The Medicare Savings Program, known as the Buy-in program, and the Low Cost Drugs for the Elderly Program’s income guidelines were cut by 10 percent as of March 1 for state budgetary reasons. The consumers who lost these benefits were informed in February and had less than 30 days to adjust for the impact.
Before March 1, a senior who was eligible for the Low Income Subsidy Program, low cost drugs and the QI program that pays for Part B coverage spent $16.50 per month for coverage and medications. With the loss of those programs, that same senior will now pay $104.90 for Part B and $360 a month for medications, or $464.90 monthly.
Needless to say he will not be able to afford and will go without.
When I started seeing the impact these cuts had on our most vulnerable seniors and people with disabilities, it truly broke my heart. Now I hear this was just the beginning.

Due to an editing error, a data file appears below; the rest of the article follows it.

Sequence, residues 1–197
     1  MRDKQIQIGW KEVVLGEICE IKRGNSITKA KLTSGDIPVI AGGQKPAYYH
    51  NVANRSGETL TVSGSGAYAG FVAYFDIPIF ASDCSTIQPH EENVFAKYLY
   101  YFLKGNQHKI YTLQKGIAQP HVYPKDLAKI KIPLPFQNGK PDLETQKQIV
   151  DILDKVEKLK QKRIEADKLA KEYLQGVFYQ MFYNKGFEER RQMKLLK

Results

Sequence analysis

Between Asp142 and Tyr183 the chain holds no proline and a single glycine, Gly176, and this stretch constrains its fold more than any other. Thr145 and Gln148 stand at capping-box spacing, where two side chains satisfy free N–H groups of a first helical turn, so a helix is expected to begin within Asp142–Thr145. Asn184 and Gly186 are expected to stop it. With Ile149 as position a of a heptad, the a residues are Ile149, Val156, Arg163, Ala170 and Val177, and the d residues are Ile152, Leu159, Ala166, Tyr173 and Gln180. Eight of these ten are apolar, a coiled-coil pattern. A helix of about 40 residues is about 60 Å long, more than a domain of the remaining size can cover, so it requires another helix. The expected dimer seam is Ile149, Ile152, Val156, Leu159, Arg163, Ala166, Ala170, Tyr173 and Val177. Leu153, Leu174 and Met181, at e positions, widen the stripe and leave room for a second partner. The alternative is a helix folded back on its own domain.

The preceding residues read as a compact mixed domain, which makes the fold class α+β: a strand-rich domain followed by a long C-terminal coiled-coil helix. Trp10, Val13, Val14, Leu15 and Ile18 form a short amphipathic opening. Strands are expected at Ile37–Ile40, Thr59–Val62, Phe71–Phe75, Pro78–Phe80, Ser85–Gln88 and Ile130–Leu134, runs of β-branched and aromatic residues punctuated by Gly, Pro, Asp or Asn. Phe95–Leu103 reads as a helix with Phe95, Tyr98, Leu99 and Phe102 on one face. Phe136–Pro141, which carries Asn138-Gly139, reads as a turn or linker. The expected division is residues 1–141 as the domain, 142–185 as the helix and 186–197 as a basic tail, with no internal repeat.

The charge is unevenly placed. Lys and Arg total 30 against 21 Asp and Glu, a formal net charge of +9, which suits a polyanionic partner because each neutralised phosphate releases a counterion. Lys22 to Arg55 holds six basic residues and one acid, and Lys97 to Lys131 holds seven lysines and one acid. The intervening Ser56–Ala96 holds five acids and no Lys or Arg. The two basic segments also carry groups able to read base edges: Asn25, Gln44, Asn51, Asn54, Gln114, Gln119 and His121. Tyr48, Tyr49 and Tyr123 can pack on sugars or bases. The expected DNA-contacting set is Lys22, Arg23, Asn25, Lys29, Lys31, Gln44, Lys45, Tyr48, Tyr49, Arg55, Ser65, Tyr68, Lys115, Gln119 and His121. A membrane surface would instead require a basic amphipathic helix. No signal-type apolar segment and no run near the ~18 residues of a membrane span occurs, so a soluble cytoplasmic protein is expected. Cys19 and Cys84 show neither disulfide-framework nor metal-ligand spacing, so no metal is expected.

At a recent legislative meeting, DHHS Commissioner Mary Mayhew announced future cuts under the new budget.
In addition to cutting the income guidelines by 10 percent, they want to cut another 40 percent. Those proposed cuts could impact as many as 80,000 seniors.
So far, I haven’t heard anything about bringing back the asset test which was eliminated in 2007. Why should a senior who managed to save more than $6,000 or so in their lifetime be allowed on these programs?
It’s time people pay attention. Those programs are significant for the most needy and do so much for such a little cost to the state.
Roland Bussiere, New Gloucester